Preface. Introduction. Part I: THE PROBLEM OF EXPLANATION. Ole R. Holstie, "Models of International Relations and Foreign Policy." W. Michael Reisman, "The United States and International Institutions." Part II: INTERNATIONAL SOURCES OF FOREIGN POLICY. Kenneth Waltz, "Anarchic Orders and Balances of Power." Melvyn P. Leffler, "The American Conception of National Security and the Beginnings of the Cold War, 1945-1948." Robert Kagan, "Power and Weakness: Why the United States and Europe See the World Differently." Robert Jervis, "The Remaking of a Unipolar World." Part III: CAPITALISM, CLASS, AND FOREIGN POLICY. Jeff Frieden, "Sectoral Conflict and US Foreign Economic Policy." Fred Block, "Economic Instability and Military Strength: The Paradoxes of the 1950 Rearmament Decision." James Shoch, "Contesting Globalization: Organized Labor, NAFTA, and the 1997 and 1998 Fast-Track Fights." A. G. Hopkins, "Capitalism, Nationalism, and the New American Empire." Part IV: NATIONAL VALUES, DEMOCRATIC INSTITUTIONS, AND FOREIGN POLICY. Samuel P. Huntington, "American Ideals Versus American Institutions." Michael Mastanduno, "The United States Political System and International Leadership: A decidedly inferior form of Government?" John Monten, "The Roots of the Bush Doctrine: Power, Nationalism, and Democracy Promotion in U.S. Strategy." Part V: PUBLIC OPINION, POLICY LEGITIMACY, AND INTEREST GROUPS. Michael Roskin, "From Pearl Harbor to Vietnam: Shifting Generational Paradigms and Foreign Policy." Alexander L. George, "Domestic Constraints on Regime Change in U.S. Foreign Policy the need for Policy Legitimacy." Lawrence Jacobs and Benjamin Page, "Business Versus public Influence in US foreign Policy." Peter Trubowitz, "Political Conflict and Foreign Policy in the United States: A Geographical Interpretation." John Mearsheimer and Stephen Walt, "The Israel Lobby." Part VI: BUREAUCRATIC POLITICS AND ORGANIZATIONAL CULTURE. Graham Allison, "Conceptual Models and the Cuban Missile Crisis." Stephen Krasner, "Are Bureaucracies Important? Or Allison in Wonderland." Michael Mazarr, "The Iraq War and Agenda Setting." Part VII: PERCEPTIONS PERSONALITY AND SOCIAL PSYCHOLOGY. Robert Jervis, "Hypotheses on Misperception." Philip Tetlock and Charles McGuire, Jr., "Cognitive Perspectives on Foreign Policy." Yuen Foong Khong, "Seductions by Analogy in Vietnam: The Malaya and Korea Analogies." David Winter, Margaret Herman, Walter Weintrabe, and Stephen Walker, "The Personalites of Bush and Gorbachaev Measured at a Distance: Procedures, Portraits, and Policy." Part VIII: AMERICAN FOREIGN POLICY AFTER THE BUSH ADMINISTRATION. Barry Posen, "The Case for Restraint." G. John Ikenberry, "Liberal Order Building." Derek Chollet and Tod Lindberg, "A Moral Core for U.S. Foreign Policy." Robert Kagan, "End of Dreams, Return of History."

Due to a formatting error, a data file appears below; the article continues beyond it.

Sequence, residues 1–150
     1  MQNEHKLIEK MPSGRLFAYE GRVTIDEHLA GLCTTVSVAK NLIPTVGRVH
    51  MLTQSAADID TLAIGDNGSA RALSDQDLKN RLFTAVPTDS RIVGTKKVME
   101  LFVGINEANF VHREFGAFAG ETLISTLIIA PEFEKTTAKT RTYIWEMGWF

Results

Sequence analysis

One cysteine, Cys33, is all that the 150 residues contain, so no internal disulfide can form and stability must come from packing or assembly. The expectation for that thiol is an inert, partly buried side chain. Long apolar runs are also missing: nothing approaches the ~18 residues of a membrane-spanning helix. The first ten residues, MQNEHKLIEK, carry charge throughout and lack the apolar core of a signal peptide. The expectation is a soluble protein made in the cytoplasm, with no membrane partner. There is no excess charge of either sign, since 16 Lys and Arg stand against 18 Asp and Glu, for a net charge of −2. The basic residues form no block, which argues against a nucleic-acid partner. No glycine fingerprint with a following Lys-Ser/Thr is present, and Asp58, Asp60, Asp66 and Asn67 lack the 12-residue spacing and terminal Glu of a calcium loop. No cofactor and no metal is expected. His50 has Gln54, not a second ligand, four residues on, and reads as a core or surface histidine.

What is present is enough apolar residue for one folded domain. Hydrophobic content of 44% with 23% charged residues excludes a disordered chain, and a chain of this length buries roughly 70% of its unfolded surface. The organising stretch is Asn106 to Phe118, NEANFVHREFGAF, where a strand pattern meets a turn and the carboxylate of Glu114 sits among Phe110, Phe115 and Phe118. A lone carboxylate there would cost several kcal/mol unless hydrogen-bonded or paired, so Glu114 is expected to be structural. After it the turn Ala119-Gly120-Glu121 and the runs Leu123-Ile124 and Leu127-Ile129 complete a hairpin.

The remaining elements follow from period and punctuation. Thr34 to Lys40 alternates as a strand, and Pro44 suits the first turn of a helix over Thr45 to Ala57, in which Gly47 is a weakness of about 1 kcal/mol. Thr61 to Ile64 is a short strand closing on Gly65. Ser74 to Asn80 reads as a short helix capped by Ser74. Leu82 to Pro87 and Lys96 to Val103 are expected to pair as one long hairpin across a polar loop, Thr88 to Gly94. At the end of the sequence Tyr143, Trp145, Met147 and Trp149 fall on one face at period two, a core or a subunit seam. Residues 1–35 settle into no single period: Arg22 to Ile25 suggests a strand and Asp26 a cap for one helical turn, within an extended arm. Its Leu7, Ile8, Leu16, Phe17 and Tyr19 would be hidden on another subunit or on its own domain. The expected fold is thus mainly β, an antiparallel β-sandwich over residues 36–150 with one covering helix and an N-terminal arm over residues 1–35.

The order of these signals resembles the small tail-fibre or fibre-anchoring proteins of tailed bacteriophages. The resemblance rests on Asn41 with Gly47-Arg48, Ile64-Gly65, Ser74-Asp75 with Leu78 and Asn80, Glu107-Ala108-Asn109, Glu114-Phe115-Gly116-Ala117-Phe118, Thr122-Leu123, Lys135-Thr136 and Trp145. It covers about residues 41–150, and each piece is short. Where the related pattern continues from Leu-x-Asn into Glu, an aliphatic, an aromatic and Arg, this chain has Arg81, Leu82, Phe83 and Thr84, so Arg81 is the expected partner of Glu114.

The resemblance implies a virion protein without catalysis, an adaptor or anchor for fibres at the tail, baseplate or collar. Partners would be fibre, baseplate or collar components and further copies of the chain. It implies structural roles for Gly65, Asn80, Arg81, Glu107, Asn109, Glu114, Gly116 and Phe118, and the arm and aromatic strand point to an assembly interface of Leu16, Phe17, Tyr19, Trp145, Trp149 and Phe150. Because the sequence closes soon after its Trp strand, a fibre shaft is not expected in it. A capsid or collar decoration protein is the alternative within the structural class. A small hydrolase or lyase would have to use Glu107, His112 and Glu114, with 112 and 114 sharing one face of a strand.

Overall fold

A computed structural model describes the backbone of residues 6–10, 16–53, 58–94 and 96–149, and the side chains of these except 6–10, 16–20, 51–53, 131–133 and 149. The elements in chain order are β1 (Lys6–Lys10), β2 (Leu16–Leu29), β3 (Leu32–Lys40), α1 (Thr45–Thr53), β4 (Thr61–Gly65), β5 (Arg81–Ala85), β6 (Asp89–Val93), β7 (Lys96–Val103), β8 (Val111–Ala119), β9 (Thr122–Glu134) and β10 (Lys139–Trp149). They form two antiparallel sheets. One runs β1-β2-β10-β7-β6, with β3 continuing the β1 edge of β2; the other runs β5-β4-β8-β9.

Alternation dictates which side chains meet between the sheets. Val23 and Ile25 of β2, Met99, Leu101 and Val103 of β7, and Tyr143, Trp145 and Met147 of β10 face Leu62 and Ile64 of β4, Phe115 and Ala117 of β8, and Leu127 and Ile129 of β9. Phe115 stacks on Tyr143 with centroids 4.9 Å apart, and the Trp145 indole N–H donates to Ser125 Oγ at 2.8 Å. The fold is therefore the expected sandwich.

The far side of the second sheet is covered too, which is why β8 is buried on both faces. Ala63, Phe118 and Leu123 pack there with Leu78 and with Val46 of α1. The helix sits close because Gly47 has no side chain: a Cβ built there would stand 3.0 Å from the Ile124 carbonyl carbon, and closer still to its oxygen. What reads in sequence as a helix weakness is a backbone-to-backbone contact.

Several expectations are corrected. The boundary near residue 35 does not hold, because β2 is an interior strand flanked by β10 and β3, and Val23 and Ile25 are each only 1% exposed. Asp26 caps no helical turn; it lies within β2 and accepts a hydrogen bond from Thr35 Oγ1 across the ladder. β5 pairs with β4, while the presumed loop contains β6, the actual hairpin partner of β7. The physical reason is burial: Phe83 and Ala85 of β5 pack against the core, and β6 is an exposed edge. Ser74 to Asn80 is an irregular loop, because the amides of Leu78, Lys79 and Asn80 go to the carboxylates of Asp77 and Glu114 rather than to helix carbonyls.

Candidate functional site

About the Author
G. John Ikenberry is the Albert G. Milbank Professor of Politics and International Affairs at Princeton University in the Department of Politics and the Woodrow Wilson School of Public and International Affairs. He is the author of AFTER VICTORY: INSTITUTIONS, STRATEGIC RESTRAINT, AND THE REBUILDING OF ORDER AFTER MAJOR WARS (Princeton, 2001), which won the 2002 Schroeder-Jervis Award presented by the American Political Science Association for the best book in international history and politics. Most recently, he is co-author of CRISIS OF AMERICAN FOREIGN POLICY: WILSONIANISM IN THE 21ST CENTURY (Princeton 2009), which explores the Wilsonian legacy in contemporary American foreign policy. He is currently writing a book entitled LIBERAL LEVIATHAN: THE ORIGINS, CRISIS, AND TRANSFORMATION OF THE AMERICAN SYSTEM (Princeton, forthcoming). Ikenberry is the co-director of the Princeton Project on National Security, and he is the co-author, along with Anne-Marie Slaughter, of the final report, "Forging a World of Liberty Under Law."